Software peer review

Software peer review

In software development, peer review refers to a type of software review in which a work product (normally some form of document) is examined by its author and one or more colleagues, in order to evaluate its technical content and quality.


The purpose of a peer review is to provide "a disciplined engineering practice for detecting and correcting defects in software artifacts, and preventing their leakage into field operations" according to the Capability Maturity Model.

When performed as part of each Software development process activity, peer reviews identify problems and fix them early in the lifecycle. That is to say, a peer review that identifies a requirements problem during the Requirements analysis activity is cheaper and easier to fix than during the Software architecture or Software testing activities.

The National Software Quality Experiment, [ [ National Software Quality Experiment Resources and Results] ] evaluating the effectiveness of peer reviews, finds, "a favorable return on investment for software inspections; savings exceeds costs by 4 to 1". To state it another way, it is four times more costly, on average, to identify and fix a software problem later.

Distinction from other types of software review

Peer reviews are distinct from management reviews, which are conducted by management representatives rather than by colleagues, and for management and control purposes rather than for technical evaluation. They are also distinct from software audit reviews, which are conducted by personnel external to the project, to evaluate compliance with specifications, standards, contractual agreements, or other criteria.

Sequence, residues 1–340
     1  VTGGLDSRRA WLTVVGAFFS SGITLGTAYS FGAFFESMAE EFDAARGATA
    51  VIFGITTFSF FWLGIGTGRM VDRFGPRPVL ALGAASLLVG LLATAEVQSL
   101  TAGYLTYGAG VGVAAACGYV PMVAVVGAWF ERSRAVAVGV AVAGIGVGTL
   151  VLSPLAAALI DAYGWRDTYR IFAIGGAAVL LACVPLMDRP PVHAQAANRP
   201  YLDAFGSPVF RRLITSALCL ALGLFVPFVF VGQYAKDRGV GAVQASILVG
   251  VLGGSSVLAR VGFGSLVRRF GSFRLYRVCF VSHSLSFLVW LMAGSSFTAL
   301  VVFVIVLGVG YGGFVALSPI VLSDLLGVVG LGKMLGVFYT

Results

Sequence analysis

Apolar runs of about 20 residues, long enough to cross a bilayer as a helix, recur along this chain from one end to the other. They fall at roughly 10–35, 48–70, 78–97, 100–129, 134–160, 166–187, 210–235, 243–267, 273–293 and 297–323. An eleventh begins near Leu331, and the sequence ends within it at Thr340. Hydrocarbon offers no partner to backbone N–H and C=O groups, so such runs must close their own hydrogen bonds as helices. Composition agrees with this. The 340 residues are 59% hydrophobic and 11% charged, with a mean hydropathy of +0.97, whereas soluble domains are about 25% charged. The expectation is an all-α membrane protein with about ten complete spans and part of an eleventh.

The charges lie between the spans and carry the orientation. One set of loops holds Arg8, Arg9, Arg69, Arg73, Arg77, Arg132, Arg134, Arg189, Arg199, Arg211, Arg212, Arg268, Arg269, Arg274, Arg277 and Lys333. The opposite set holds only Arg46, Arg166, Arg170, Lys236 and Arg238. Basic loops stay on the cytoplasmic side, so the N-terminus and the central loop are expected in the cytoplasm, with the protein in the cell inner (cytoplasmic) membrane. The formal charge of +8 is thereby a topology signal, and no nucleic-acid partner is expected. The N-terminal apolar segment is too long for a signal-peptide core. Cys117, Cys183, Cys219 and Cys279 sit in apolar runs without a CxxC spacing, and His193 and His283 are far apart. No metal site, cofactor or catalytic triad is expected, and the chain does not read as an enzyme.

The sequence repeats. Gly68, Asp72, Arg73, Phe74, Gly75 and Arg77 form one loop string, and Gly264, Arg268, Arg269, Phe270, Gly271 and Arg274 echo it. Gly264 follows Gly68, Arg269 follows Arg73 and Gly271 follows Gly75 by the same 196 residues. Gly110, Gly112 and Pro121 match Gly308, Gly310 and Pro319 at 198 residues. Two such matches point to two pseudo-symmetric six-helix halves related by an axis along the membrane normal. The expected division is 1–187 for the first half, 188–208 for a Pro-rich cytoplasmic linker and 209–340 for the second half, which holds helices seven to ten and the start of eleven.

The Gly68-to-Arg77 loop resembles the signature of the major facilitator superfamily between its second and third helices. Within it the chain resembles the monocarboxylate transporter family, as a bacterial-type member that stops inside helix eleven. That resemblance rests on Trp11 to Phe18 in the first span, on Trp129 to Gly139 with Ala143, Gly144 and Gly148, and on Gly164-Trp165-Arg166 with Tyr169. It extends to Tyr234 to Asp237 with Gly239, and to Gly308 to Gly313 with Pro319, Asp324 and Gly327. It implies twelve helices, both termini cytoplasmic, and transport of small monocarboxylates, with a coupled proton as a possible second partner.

Review processes

Peer review processes exist across a spectrum of formality, with relatively unstructured activities such as "buddy checking" towards one end of the spectrum, and more formal approaches such as walkthroughs, technical reviews, and software inspections, at the other. The IEEE defines formal structures, roles, and processes for each of the last three. [IEEE Std. 1028-1997, "IEEE Standard for Software Reviews"]

Management representatives are typically not be involved in the conduct of a peer review except when included because of specific technical expertise or when the work product under review is a management-level document. This is especially true of line managers of other participants in the review.

"Open source" reviews

In the free / open source community, something like peer review has taken place in the engineering and evaluation of computer software. In this context, the rationale for peer review has its equivalent in Linus's law, often phrased: "Given enough eyeballs, all bugs are shallow", meaning "If there are enough reviewers, all problems are easy to solve." Eric S. Raymond has written influentially about peer review in software development. [cite paper|author=Eric S. Raymond|title=The Cathedral and the Bazaar]


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